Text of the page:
One-quarter of all employees say their jobs are the No. 1 stressor in their lives, according to the Centers for Disease Control and Prevention (CDC). The organization also reports that the COVID-19 pandemic, like other major traumatic incidents, impacts mental health and psychosocial problems. Since that’s the case, we probably all need a long vacation and a hug, neither of which is advisable due to COVID-19.
Instead, we work. We’re constantly connected, always-on, juggling multiple projects and priorities, and working at a pace and intensity that’s not likely to change. This means it’s more important than ever to build staff resiliency skills so we can navigate work life together.
My experience is that it’s not just some people who are more resilient than others, but that resilience is built by attitudes, behaviors and social supports that can be adopted and practiced by anyone. Traits that multiple research studies have identified around resilience include:
- Ability to manage strong or difficult emotions
- Sense of safety
- Strong social support
This is good news because with this list in hand we can teach our employees – the people we count on to produce results – to become more resilient, even if they are currently fatigued.
Building resilience skills isn’t enough to flip the switch, however. It’s important to understand and manage some of the factors that cause stress at work. I can’t give you advice on how to fix challenges in your specific workplace, but I can say that multiple employee surveys have included the same five most-desirable characteristics of workplace culture. They are:
- Good communication
- Opportunities for growth and learning
- Strong sense of purpose and clear values
- Fair rewards system
Reflect on these. Better yet, ask your employees if they agree. And try to make them true of your team if not your organization.
Returning back to resiliency: how can we help our staff develop greater resilience and stay motivated in the face of chronic stress, a pandemic stretching into year two and an environment of complexity and change? Here are my tips, culled from research and personal experience.
Insist on self-care, healthy habits and work-life balance
Every employee is an individual with unique mental and physical health needs. Therefore, strongly encouraging employees to practice the activities that make them feel good (exercise, outdoor time, quiet time, etc.) is critical to being their best at work. Give them time for that self-care by respecting core hours, requesting that employees unplug and log off at the end of the day and on weekends, and providing opportunities for healthy work habits (lunch breaks, office chair yoga, a webinar on getting better sleep are all examples).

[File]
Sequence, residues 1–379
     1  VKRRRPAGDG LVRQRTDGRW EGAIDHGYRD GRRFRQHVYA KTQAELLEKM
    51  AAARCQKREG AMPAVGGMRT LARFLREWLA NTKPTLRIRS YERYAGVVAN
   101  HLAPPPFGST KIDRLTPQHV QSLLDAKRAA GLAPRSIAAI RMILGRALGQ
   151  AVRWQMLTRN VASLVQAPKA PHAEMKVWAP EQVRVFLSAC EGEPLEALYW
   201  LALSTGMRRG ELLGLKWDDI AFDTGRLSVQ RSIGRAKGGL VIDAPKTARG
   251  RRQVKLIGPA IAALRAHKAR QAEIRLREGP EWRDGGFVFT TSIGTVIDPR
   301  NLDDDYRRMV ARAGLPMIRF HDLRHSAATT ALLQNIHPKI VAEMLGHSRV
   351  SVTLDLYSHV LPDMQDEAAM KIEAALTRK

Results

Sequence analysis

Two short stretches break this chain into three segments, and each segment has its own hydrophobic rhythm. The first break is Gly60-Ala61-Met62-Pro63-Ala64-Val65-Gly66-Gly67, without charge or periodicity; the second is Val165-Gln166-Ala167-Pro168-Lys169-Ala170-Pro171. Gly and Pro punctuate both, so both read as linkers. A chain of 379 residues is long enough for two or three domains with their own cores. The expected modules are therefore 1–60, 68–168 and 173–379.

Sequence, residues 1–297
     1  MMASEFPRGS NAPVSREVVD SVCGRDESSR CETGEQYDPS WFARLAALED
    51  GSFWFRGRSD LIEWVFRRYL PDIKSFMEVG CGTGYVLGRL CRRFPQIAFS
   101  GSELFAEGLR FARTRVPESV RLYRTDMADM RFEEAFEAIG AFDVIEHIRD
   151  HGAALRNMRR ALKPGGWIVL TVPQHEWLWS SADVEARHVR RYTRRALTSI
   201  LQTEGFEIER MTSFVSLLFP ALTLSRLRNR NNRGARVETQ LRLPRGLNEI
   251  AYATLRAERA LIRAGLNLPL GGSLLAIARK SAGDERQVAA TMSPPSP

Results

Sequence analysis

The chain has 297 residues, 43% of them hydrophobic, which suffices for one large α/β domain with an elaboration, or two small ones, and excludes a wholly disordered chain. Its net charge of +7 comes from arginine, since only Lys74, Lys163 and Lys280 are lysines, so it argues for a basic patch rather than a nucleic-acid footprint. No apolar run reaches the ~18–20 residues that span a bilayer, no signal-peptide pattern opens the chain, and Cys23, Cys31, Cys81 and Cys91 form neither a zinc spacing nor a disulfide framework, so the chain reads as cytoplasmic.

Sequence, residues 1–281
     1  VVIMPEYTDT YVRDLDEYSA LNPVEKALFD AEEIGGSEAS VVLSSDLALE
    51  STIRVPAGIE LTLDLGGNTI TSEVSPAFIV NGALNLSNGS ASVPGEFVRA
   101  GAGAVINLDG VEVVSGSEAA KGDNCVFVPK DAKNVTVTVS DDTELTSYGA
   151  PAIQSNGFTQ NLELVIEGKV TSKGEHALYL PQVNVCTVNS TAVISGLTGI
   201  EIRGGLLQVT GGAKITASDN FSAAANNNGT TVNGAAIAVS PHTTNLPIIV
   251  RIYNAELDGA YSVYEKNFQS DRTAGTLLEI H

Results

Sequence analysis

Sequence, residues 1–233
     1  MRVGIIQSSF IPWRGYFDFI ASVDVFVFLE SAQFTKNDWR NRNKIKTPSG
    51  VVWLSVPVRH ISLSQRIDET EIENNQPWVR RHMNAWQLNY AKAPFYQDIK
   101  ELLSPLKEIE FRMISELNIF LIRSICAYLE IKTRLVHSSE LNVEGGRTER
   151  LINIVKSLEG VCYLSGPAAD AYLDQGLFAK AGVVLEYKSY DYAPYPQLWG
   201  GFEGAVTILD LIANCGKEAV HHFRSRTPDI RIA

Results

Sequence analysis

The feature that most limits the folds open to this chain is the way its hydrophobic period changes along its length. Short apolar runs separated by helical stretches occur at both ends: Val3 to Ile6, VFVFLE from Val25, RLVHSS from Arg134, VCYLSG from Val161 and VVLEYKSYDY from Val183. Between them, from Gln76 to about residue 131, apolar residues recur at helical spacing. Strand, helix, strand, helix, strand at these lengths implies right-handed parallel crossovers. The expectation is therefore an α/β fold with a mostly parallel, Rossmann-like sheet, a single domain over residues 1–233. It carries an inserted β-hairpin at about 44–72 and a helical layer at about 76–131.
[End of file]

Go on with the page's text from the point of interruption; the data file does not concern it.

Build a strong support network for individuals
Be bold about reaching out to each member of your team and be genuine in responding to their needs and concerns. Help make mentor connections. Host social events during work hours to bring together different groups and interests. Encourage moments of fun and light-heartedness – these spontaneous interactions help employees get to know each other as people. Lean in on inclusion initiatives. Adjust teams based on talent as well as personalities.
Focus on fundamentals
Look to your core mission and your organization’s values in building culture and creating policies. These things don’t change dramatically during a pandemic or an administration. Help employees understand their connection to the mission, define their role and relate daily tasks to a larger purpose. All are helpful when things suddenly go sideways.
Take smaller bites
We’re all working from strategic plans that look five and ten years into the future, but your teams stay motivated by hitting goals regularly. Break big goals down into smaller bites. Help each person focus on short-term objectives that are baby steps towards bigger milestones. Think about the future, but help your staff stay present in the moment.
Be OK with setbacks
Risk is the cost of opportunity and innovation. When your team takes a risk, they either win or learn. There’s no downside to trying something new if you can learn from the experience and apply that knowledge the next time. Pattern this thinking and challenge employees to look for lessons learned when things don’t go as expected. Adopt a mindset of iteration, where work is optimized during several cycles rather than pushing for a big deliverable.
The ability to increase resilience is a skill that will serve your staff well month after month and year over year. Organizations see direct benefits from resilience-building activities and from having staff members that are more resilient.
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Edward Tuorinsky, Managing Principal at DTS, a government consultant business, is a service-disabled veteran who brings nearly two decades of experience to DTS in the areas of leadership, management consulting and information technology services.